Food Banks – Food For Thought

Food Banks – Food For Thought: Reliance on food banks is on the rise, and with COVID fallout likely to cause greater economic hardship, many Cumbrians may find themselves in a situation they would have thought unthinkable before the pandemic.

“The week before lockdown we saw demand shoot up 50 per cent overnight,” said Adrian Cozens who is Project Manager for North Lakes Foodbank.  “With workers laid off and waiting for universal credits, we helped people who had never accessed the system before.  Normally, they are embarrassed but we assure everyone that’s what we’re here for, it can happen to anybody.”

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Food Banks work with frontline professionals like doctors, health visitors, social housing, schools, social workers or Citizens Advice who make a referral to the food bank, who then generally provide a three-day food parcel.  Foodbanks are happy to help with a referral over a cuppa but in the current climate, some prefer to minimise contact and it’s worth contacting referral agencies first.

“In case of an emergency, you can contact the foodbank directly to explain your situation,” explained Adrian.  “We will advise which referral agencies we work with who can help.  Providing food is a short term solution and the system of signposting people to the correct agency is crucial in dealing with the underlying situation, whether that’s debt, a family crisis or some other situation.  I advise people to call citizens advice first to talk through your circumstances and if you’re eligible, you can have food within a few hours.”

Last year North Lakes Foodbank fed the equivalent of 7000 people and supply 60 -70 food parcels each week.  Worryingly, they’ve noticed a trend in the rise of families and children needing help.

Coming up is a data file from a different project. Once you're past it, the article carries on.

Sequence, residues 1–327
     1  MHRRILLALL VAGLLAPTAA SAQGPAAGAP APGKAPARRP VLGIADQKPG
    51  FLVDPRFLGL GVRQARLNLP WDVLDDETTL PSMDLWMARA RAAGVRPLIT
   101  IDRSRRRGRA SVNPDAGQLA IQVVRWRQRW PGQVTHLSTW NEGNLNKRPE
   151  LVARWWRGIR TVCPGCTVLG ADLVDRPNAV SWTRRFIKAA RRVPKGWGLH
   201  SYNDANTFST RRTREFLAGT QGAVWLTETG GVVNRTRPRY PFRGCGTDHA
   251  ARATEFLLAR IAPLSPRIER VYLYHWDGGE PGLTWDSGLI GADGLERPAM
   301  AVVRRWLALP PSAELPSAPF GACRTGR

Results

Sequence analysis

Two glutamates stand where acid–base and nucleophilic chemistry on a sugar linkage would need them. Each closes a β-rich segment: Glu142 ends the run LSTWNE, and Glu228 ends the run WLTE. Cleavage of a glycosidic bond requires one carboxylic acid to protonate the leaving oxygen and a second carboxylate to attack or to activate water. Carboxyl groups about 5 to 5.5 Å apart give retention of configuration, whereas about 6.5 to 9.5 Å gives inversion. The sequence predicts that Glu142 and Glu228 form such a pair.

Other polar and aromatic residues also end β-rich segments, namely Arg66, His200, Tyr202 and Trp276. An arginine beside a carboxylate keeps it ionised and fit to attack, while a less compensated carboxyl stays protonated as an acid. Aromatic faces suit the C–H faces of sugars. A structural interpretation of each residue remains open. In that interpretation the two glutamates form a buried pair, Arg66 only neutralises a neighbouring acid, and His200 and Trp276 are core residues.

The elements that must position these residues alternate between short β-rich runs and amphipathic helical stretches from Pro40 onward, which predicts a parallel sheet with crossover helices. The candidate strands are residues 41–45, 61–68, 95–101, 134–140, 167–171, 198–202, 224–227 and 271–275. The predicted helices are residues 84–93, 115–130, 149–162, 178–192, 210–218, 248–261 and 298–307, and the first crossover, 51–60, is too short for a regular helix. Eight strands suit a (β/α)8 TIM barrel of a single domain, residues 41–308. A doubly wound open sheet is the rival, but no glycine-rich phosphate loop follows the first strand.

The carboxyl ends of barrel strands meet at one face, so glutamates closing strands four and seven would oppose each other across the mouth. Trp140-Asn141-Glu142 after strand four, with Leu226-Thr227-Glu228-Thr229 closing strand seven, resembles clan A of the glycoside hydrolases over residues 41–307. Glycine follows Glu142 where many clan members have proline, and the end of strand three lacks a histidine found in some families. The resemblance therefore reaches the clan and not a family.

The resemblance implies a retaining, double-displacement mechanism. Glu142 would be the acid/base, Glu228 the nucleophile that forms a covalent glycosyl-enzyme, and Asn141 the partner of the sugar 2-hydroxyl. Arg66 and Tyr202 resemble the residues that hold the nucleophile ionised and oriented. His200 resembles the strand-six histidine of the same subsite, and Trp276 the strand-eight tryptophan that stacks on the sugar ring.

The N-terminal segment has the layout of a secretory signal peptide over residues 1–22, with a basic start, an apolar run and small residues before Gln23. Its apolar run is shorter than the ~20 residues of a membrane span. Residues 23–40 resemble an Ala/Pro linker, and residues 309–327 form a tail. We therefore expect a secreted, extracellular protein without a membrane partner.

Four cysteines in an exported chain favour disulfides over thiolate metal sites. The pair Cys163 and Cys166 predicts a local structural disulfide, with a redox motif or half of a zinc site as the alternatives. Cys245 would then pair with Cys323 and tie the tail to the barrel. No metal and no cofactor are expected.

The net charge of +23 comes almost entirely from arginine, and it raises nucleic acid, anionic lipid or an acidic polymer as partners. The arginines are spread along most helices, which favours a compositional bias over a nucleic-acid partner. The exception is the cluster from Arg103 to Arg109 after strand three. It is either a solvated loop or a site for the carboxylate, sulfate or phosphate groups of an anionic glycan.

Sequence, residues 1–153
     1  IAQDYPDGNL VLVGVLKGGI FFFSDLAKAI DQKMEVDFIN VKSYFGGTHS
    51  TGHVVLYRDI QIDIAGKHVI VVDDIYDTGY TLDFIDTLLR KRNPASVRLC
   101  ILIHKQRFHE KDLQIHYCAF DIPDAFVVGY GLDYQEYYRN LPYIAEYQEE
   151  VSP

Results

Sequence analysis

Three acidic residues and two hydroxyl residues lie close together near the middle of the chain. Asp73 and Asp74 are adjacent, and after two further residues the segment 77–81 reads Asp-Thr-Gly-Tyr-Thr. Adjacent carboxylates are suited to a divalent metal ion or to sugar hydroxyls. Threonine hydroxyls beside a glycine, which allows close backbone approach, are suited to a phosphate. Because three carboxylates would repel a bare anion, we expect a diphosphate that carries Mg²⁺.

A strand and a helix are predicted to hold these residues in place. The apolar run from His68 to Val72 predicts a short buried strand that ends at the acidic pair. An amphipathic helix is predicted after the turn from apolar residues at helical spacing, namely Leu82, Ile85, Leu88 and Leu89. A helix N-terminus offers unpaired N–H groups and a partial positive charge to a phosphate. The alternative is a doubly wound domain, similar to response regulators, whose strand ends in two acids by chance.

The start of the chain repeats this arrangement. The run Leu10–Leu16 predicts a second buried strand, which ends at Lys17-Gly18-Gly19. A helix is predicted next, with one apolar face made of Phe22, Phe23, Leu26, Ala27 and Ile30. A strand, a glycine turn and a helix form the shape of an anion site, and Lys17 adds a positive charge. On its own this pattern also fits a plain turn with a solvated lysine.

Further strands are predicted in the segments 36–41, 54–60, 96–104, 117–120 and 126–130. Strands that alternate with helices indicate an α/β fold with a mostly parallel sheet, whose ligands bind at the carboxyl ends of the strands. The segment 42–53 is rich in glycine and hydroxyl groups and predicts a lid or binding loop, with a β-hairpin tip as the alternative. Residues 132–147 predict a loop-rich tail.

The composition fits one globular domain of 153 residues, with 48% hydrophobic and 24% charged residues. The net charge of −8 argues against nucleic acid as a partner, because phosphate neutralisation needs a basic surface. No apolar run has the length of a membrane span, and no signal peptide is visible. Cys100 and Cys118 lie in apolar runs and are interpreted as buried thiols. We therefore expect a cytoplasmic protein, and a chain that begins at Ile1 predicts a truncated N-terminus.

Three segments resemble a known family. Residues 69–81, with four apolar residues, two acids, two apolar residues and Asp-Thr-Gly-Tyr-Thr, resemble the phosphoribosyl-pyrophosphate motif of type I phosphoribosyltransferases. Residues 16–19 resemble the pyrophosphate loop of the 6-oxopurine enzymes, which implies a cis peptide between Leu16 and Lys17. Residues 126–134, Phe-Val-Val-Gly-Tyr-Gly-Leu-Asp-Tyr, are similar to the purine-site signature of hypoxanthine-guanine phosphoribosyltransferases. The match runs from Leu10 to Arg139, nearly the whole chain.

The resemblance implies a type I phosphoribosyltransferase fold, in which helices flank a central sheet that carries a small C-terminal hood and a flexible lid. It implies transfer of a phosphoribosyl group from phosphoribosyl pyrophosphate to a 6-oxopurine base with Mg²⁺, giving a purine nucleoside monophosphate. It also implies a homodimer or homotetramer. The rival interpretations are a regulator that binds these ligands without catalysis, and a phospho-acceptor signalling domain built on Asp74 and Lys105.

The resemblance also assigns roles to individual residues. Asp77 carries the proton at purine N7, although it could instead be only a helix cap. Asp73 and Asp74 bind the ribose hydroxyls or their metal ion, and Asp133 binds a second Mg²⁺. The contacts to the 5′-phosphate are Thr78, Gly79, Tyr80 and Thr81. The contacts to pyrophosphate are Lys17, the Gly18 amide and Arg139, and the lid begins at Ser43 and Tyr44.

Major Carole Donaldson is with the Salvation Army in Penrith:  “As a church organisation, we have a degree of flexibility and work with people in a variety of situations.  We are here for everyone, you don’t have to be on benefits to come to a food bank because working people struggle too.

People normally come to us as a last resort but it’s best to tackle the underlying issue as soon as they can.  Don’t put it off because the quicker you look at the situation the sooner it can be put right.”

You Can Help

Food Banks are voluntary organisations relying on the generosity of the public.  There are numerous ways you can help your local food banks whether they are a larger operation like the North Lakes Foodbank that serve large parts of West Cumbria, an independent like Carlisle or the Salvation Army in Penrith,

“If you want to donate, I always say food comes first,” said Adrian.  “It’s always needed and particularly important now because most of our normal sources, like schools, churches and community centres have closed which makes us heavily reliant on the collection points in supermarkets.

We have operating costs and money is appreciated but if you could spare any time, we are grateful for extra hands or drivers.  But time spent thinking about us next time you shop is equally important, it’s far better that 1000 people donate a tin of beans rather than one person giving 1000.  Your donation will feed someone in need within weeks.”

Food Banks also need sanitary products, toiletries, toilet roll, deodorant, shampoo, soap, nappies, baby wipes and household cleaning products.

Visit the specific website of the food bank closest to you for operating hours, updates about food drives, drop off points, contact details, volunteering vacancies or donation details.

A full list of Cumbrian food banks can be found on Cumbria County Council’s website at www.cumbria.gov.uk/welfare/foodbank.asp or contact their community support team on 01228 221100.

 

 

 

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